Clare Ruby – Trends for 2019

Leading Event Consultant CLARE RUBY looks into her crystal “event” ball and shares with meetingsclub her 2019 hot trends for both venues and event bookers.  From events where you get your own private loo, venues offering hair and make-up stations to meetings held in cohabited spaces, Clare looks into the future and highlights why some event organisers are no longer likely to be APPY!


As with all trends, I believe what we will see in 2019 is a continuation of developments we saw last year, with one or two notable exceptions – possibly in the tech field. Events will continue to become more experiential with the focus on well-being, creating positive emotions and bringing people together for a common purpose. Venues will continue to be pressurised to have open and flexible spaces and contracts that work for the client with no hidden costs. Venues that thrive will be the ones that can really adapt to client needs and enhance the event experience. Venues providing tight security that work with event planners without compromising the attendee experience will have a definite advantage.  


Technology and its’ various applications will still be a central consideration for event planners – although I’ve seen some interesting changes in this area. The number of event app companies seems to continue to increase.  But I heard recently on the grapevine that one large international event company has decided to stop using apps for all of their events. They used them for a variety of reasons for their guests – from online registrations to onsite check in, pre event & onsite networking, setting up meetings with other attendees and exhibitors and post event analysis. They also provided data for the organiser. However, they have not seen a tangible ROI and taking into consideration the amount of development time, opportunity costs and the feedback from guests they’ve decided to invest their resources elsewhere and return to standardised websites and CRM systems. However, I believe the types of technology deployed throughout the event journey (from first to last touchpoint) will continue to be at the forefront of event design. The focus on using live data to inform real time activity onsite will continue.  For example, using tracking systems and heat maps such as ibeacons or RFID technology to understand where crowds are congregating such as registration areas and resourcing/ redistributing as necessary.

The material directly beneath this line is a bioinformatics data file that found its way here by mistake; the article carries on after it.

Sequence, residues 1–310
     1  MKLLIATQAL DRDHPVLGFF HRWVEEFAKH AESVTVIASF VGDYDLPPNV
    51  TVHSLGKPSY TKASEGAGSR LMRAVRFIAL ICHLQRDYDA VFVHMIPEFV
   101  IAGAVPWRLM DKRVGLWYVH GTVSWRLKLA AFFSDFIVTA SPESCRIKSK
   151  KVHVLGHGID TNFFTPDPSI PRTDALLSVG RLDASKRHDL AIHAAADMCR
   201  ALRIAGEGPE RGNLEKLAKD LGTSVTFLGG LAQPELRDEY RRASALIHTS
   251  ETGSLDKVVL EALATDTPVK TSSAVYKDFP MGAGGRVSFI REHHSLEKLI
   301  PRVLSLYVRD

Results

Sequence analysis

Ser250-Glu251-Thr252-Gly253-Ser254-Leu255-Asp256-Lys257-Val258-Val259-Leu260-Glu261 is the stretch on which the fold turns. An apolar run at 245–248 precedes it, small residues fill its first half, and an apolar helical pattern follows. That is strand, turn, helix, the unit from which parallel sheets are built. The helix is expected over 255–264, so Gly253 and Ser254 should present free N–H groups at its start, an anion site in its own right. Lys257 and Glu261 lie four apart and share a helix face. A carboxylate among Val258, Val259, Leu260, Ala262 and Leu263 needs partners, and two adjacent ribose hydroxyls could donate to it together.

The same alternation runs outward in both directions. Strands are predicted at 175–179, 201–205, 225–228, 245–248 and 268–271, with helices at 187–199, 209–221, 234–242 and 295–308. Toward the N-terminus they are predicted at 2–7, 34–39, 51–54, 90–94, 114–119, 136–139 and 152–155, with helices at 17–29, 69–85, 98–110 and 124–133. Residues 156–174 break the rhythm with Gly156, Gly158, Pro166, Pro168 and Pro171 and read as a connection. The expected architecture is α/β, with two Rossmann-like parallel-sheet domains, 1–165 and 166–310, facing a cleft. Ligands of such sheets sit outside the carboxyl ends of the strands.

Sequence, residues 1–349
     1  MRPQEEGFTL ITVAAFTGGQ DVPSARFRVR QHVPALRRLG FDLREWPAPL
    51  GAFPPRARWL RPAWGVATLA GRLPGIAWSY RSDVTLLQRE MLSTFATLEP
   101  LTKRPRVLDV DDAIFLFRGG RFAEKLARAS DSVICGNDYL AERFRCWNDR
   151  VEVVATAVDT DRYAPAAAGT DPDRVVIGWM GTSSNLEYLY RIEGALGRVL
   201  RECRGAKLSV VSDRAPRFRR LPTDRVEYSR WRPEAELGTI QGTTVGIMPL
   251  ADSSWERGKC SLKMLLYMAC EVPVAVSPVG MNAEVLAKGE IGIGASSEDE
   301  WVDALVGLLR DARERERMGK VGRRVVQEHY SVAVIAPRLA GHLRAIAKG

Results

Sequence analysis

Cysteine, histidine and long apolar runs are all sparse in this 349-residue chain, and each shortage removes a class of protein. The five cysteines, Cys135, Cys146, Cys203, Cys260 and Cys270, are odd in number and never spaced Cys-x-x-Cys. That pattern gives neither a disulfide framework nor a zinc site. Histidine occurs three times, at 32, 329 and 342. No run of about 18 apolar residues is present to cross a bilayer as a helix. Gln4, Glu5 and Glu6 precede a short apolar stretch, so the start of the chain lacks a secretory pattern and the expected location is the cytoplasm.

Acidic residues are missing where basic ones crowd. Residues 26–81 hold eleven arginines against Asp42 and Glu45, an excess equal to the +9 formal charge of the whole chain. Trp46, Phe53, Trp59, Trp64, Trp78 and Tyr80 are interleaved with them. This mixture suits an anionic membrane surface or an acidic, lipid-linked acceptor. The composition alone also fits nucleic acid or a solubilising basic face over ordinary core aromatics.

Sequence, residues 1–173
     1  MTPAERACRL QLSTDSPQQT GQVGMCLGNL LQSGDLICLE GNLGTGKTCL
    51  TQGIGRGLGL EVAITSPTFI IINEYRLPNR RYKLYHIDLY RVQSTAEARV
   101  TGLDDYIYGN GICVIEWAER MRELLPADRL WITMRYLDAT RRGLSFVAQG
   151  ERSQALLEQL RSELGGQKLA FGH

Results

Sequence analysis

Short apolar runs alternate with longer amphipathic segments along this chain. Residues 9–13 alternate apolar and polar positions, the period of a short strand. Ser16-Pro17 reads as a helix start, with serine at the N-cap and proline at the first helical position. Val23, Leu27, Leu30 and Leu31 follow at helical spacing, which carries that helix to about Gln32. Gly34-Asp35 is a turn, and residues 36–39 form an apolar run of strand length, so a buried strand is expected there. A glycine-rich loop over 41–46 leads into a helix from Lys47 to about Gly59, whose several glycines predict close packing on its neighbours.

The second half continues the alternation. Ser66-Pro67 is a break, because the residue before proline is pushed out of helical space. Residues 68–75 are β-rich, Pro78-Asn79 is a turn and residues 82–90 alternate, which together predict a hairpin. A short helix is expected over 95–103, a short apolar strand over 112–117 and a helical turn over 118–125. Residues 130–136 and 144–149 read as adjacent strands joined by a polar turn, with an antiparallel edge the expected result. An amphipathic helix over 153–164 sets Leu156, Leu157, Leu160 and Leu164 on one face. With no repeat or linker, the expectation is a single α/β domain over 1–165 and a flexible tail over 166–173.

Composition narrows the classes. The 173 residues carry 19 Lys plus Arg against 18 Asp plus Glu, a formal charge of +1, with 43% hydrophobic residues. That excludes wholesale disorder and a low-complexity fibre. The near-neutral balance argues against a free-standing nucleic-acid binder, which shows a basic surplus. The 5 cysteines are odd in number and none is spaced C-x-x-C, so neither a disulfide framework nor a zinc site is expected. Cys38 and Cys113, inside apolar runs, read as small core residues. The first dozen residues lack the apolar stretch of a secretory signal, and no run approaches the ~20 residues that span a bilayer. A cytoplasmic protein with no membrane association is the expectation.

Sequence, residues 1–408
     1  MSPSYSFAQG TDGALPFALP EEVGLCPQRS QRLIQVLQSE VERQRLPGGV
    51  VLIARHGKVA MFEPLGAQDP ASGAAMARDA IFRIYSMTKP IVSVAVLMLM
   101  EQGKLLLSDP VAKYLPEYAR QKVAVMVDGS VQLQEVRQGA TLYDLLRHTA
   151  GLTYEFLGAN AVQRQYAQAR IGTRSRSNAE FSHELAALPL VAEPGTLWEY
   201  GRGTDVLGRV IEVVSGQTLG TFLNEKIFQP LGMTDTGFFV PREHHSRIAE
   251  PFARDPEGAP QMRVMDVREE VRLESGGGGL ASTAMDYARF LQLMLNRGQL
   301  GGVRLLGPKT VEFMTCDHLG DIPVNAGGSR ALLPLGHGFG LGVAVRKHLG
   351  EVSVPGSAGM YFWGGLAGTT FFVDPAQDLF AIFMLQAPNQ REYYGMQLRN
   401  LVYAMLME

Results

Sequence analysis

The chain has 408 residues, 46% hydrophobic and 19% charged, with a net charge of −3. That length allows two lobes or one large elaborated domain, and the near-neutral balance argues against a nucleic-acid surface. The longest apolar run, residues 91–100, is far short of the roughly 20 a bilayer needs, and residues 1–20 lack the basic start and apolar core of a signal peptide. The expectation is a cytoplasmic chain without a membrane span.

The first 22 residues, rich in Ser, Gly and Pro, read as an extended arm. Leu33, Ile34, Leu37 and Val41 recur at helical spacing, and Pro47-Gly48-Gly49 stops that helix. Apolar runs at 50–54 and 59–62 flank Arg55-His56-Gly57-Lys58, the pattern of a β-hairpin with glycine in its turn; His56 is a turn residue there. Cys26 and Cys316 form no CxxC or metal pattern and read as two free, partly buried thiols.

Advancements in technology are presenting new frontiers for event experiences, but it’s not all about futuristic applications like Augmented Reality (AR) and Artificial Intelligence (AI). Let’s get the basics right in ALL event spaces and then look at the smart application of technologies to truly work for the attendee and the organiser. I am still hearing from too many of our clients that basic venue IT infrastructure is still not up to scratch. High quality, high bandwidth, reliable and cost-effective internet services has to be a basic offering in 2019. Live streaming such as Facebook Live and Periscope also needs to be supported through sound venue infrastructure. 


More events are taking place in cohabited spaces, such as WeWork that has a global network of work spaces and apartments. This makes financial sense for the venues and the organisers. WeWork acquired Meetup at the end of 2017 (an event platform) to enable this expansion. Shared work spaces usually have empty space in the evenings and at the weekends and it’s also a great chance for entrepreneurial event organisers to get free/low value venues, new sponsors and attendees. And, for companies, this is a cost-effective, authentic and powerful way to plug-into the outside world and turn the work-place into somewhere people want to spend time.